Here the story of the narrative ends, and he now turns to the moral and exhortative aspect of the subject, and is altogether silent about the rest of the Saint's life.

Local names, traditional folklore, the written legend the latter going back beyond the year 1000 and the fact of the existence of the Monastery of St. Lucius in the sixth century, are not the only testimonies cited by the Church of Coire on behalf of her apostle; she is able also to prove that she possessed his mortal remains before the year 821. In 821 Bishop Victor complained, in his letter to Louis the Pious, that not even the most sacred body of the holy confessor and apostle Lucius, had remained safe from the wicked robbers Roderick and Herloin.

The evidence collected so far certainly entitles us to maintain the existence of a Raetian apostle, Lucius, whose identity with the British King, Lucius, should not be altogether rejected. Until now it was generally believed that this identification had been caused by St. Bede's remarks on this subject. The passage about King Lucius in the Sermo in Natali 55. Virginum XI milium, which was possibly written before 850, cannot with certainty be ascribed to Bede, so that we cannot admit the assertion that parts of the legend of Coire were certainly borrowed from Bede. He, however, gives a list of Emperors, and the author of the Sermo as one of the Popes, among whom Pope Marcellinus (who is not mentioned at all by Bede) is represented as intimately connected with the narrative. But even if the Sermo should have been borrowed from Bede, that fact would not be sufficient to prove that the Lucius legend of Coire is derived from the same Anglo-Saxon source.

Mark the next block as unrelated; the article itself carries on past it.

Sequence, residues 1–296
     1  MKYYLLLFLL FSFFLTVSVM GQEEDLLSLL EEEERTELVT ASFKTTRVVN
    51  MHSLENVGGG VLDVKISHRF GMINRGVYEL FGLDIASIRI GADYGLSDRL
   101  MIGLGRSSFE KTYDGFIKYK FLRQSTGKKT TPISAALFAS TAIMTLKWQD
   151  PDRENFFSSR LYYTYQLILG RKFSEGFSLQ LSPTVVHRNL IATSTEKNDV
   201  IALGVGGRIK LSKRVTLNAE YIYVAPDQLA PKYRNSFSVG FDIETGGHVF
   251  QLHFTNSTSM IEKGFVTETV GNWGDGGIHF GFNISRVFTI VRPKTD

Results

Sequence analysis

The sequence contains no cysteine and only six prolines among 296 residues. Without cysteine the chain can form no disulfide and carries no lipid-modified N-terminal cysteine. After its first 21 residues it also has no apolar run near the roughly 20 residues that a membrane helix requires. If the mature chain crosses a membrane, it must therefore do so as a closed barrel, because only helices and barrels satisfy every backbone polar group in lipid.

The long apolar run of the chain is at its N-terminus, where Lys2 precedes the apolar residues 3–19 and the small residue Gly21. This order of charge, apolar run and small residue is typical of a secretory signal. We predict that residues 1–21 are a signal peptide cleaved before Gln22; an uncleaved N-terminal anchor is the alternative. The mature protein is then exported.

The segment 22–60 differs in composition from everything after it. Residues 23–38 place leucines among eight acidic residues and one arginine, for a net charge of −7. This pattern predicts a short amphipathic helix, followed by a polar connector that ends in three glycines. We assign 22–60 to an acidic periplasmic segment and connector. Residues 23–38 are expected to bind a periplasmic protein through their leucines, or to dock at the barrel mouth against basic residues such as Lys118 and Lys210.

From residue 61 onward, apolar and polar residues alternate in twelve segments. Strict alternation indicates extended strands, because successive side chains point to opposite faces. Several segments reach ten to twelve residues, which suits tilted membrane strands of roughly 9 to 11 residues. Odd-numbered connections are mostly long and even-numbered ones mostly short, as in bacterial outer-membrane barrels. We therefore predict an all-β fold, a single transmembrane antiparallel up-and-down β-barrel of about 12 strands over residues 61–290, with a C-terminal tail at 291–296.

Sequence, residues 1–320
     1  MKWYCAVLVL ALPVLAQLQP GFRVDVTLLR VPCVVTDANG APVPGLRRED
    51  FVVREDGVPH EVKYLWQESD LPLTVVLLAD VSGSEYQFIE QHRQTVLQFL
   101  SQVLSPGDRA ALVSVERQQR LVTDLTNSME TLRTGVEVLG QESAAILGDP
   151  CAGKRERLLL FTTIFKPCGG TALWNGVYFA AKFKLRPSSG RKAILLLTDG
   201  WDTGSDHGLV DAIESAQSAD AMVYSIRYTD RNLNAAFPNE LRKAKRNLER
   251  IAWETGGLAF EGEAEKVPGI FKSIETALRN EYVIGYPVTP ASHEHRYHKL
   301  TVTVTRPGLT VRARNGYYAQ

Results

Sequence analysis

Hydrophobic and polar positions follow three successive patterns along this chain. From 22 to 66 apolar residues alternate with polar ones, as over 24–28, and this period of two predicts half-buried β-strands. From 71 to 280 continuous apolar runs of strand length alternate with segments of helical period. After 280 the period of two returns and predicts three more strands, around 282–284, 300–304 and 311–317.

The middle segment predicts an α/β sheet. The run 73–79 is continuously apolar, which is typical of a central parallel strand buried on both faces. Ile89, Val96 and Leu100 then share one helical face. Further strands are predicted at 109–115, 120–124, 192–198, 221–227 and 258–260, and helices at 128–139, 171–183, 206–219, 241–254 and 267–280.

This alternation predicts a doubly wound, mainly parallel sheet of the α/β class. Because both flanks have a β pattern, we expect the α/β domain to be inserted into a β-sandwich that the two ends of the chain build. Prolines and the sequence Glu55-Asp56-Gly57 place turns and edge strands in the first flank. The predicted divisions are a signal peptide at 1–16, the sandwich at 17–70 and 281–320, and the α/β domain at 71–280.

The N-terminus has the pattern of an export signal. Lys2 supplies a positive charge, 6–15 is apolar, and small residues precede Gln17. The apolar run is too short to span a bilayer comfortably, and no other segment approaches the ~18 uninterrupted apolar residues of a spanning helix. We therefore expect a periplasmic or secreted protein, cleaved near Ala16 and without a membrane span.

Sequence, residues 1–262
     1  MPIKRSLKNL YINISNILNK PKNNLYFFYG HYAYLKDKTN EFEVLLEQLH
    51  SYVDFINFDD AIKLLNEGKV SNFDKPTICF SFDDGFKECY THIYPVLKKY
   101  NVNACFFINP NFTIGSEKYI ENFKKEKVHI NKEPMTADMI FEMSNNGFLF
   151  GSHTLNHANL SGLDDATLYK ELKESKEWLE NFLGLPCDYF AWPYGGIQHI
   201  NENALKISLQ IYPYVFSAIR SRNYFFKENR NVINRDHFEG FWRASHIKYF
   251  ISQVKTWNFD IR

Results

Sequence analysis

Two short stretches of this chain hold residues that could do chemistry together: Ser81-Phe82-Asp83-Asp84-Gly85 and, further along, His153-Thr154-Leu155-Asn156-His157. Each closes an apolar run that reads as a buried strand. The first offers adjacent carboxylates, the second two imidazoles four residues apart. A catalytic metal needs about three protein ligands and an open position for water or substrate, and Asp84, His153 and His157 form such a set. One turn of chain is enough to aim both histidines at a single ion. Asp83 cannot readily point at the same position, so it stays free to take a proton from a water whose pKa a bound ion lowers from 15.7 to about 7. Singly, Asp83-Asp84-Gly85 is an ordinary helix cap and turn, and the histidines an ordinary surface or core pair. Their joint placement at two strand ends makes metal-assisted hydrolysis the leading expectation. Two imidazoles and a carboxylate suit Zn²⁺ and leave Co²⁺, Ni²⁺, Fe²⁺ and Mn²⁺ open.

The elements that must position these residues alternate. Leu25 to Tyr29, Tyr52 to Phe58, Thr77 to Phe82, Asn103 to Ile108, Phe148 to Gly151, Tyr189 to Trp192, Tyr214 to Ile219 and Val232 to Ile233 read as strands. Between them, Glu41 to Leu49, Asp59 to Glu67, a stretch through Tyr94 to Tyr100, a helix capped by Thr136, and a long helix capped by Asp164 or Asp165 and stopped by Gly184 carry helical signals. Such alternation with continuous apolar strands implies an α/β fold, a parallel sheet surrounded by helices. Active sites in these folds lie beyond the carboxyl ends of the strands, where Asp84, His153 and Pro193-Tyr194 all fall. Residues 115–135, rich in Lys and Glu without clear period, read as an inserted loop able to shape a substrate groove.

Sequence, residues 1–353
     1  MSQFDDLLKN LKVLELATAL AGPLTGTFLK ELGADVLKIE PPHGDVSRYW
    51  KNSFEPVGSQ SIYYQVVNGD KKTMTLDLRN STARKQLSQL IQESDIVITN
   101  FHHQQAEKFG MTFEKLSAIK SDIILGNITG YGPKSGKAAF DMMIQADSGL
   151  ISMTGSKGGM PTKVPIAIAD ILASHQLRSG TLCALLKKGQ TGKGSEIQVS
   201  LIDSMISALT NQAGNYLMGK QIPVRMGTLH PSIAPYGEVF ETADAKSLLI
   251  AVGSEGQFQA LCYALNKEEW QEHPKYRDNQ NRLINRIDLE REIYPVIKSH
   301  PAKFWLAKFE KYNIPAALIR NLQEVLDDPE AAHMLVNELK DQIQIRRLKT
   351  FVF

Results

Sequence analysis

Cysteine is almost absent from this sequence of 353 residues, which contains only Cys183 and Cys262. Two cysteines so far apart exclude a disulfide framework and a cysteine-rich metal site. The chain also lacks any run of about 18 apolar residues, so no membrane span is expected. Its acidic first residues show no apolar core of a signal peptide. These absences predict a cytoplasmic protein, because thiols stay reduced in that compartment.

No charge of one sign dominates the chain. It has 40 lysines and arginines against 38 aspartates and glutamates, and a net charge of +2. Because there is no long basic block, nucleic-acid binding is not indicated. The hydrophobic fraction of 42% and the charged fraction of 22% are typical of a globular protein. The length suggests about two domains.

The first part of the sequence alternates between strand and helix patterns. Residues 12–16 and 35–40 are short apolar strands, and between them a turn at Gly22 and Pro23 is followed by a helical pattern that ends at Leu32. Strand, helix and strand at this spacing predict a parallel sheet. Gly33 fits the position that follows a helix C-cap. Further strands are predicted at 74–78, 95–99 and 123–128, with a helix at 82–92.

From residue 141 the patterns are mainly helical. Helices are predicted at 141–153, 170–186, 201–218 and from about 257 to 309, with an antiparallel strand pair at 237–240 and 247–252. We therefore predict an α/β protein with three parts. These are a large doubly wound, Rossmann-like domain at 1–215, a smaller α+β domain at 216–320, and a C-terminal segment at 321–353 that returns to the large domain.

This legend is quite independent in another respect, viz., with regard to the fact that the author ascribes the conversion of St. Lucius to a disciple of the Apostles, St. Timothy. This circumstance has contantly been maintained by legendary testimony. Bartholomaeus Tridentinus, in the thirteenth century, bases his work entirely on the narrative of the oldest Vita, and he was followed by Petrus de Natalibus, in the fourteenth century. In answer to a question put by Vadian of St. Gall, the parish priest of the Cathedral of Coire, Comander, informed him about a statement found in an old book of parchment, that Timothy converted Lucius. All these narratives represent Lucius merely as a confessor, not as a martyr, although occasionally he suffered ill-treatment. The Calendarium of Zurich of the tenth century contains on the date of the 3rd December: In Curia depositio Lucii conf. The codex of St. Gall, No. 566 (of the monastic library), has the following words on the 3rd December, in the Calendarium used at St. Gall in the ninth century: Lucii confessoris. The Calendarium of the oldest ' book of the seasons ' of Coire has on the same day: Lucii regis et conf.